While it might seem like we’re favoring Nintendo handhelds on this list, the truth is the Big N simply dominated the portable gaming market for a long, long time. While companies like Sega, Bandai, SNK, and Nokia tried to take their share of the handheld craze the Game Boy started, none came close to Nintendo’s success for a very long time.
After the success of the GBA (and the relative failure of the Game Boy Micro, which usually gets swept under the rug), Nintendo followed up that platform with the DS. Up until this point, most competing handhelds had followed the form factor of the Game Boy: one screen surrounded by speakers and buttons. The DS, and its subsequent DS Lite remodel, set a new trend by including two separate screens and making the bottom one touch-sensitive via either a finger or the included stylus.
Game developers, including Nintendo itself, loved the new hardware and made tons of innovative games that incorporated the dual screens, touch capability, and built-in microphone. The DS was the home of New Super Mario Bros., The World Ends With You, Animal Crossing: Wild World, the Mario & Luigi series, and hundreds of others. Sales-wise, the DS soared past the Game Boy’s record and remains the bestselling handheld of all time to this day. For that alone, it would earn a spot on this list, but there’s so much more to this classic handheld’s legacy that makes it one of the best.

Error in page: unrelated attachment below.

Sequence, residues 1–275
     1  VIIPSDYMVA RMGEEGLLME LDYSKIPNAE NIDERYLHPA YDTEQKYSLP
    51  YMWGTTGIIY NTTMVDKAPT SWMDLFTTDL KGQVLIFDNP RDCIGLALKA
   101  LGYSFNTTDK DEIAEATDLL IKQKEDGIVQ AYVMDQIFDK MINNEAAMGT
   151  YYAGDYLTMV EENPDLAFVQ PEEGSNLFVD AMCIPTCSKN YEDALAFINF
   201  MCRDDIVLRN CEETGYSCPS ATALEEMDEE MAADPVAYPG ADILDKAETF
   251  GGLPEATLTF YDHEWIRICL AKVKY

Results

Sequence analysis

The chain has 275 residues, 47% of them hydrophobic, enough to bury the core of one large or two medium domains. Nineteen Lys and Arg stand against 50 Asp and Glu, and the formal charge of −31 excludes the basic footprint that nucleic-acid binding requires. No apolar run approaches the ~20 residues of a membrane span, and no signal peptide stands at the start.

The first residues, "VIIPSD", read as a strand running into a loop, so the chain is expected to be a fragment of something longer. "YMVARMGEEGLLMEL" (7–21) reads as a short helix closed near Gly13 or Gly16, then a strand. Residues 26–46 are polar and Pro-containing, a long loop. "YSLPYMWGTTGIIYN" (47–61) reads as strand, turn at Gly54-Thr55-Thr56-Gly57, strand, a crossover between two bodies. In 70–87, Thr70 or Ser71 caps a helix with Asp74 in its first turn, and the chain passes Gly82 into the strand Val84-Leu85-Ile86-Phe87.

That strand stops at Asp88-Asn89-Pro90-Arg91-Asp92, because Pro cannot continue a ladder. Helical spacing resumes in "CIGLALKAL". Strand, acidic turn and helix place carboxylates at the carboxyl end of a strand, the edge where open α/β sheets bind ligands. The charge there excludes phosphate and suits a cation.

Finally, a non-Nintendo handheld! Sony got into the portable business in 2004 when it released the PlayStation Portable, usually referred to as the PSP. It played games just like the DS, its main competitor, but it could also play movies and music via the Universal Media Disc format. While Nintendo handhelds were lauded for their high-quality selection of games, they couldn’t do much else in the way of media entertainment. Drawing on its background in music and technology, Sony hoped to entice customers to choose the PSP over the DS thanks to its wider selection of entertainment.
While the PSP sold very well and had a quality selection of games, it’s often overshadowed by the DS’ record-shattering sales. That’s not to say this little handheld should be skipped, though: it played host to classic franchises like Persona, Grand Theft Auto, Final Fantasy Tactics, and Kingdom Hearts. The system’s legacy is pronounced enough that Sony is including some PSP games in its overhauled PS Plus service, which is enough to grant it the last spot on our list.
Honorable Mention: Nintendo Switch
The Switch is a handheld, but it’s also not a handheld. (Does that make sense?) In a “What will they come up with next” moment several years ago, Nintendo revealed the Switch, a hybrid home console and handheld platform. The company has since also released the Switch Lite, which really is just a handheld and can’t connect to a TV like a typical console.
We’re not formally including the Switch on this list because it’s not a “full” handheld like all the other platforms, but we would be remiss not to mention it. The Switch came on the heels of the Wii U, one of Nintendo’s few commercial failures. Not long after its release, it turned the company’s fortunes around with a suite of excellent games, fun features, and that good old Nintendo charm that fans know and love.
While it lags behind competing home consoles in terms of connectivity potential and app-based entertainment, the Switch is an example of a Nintendo creation at its best: a fun, innovative console that isn’t afraid to be different.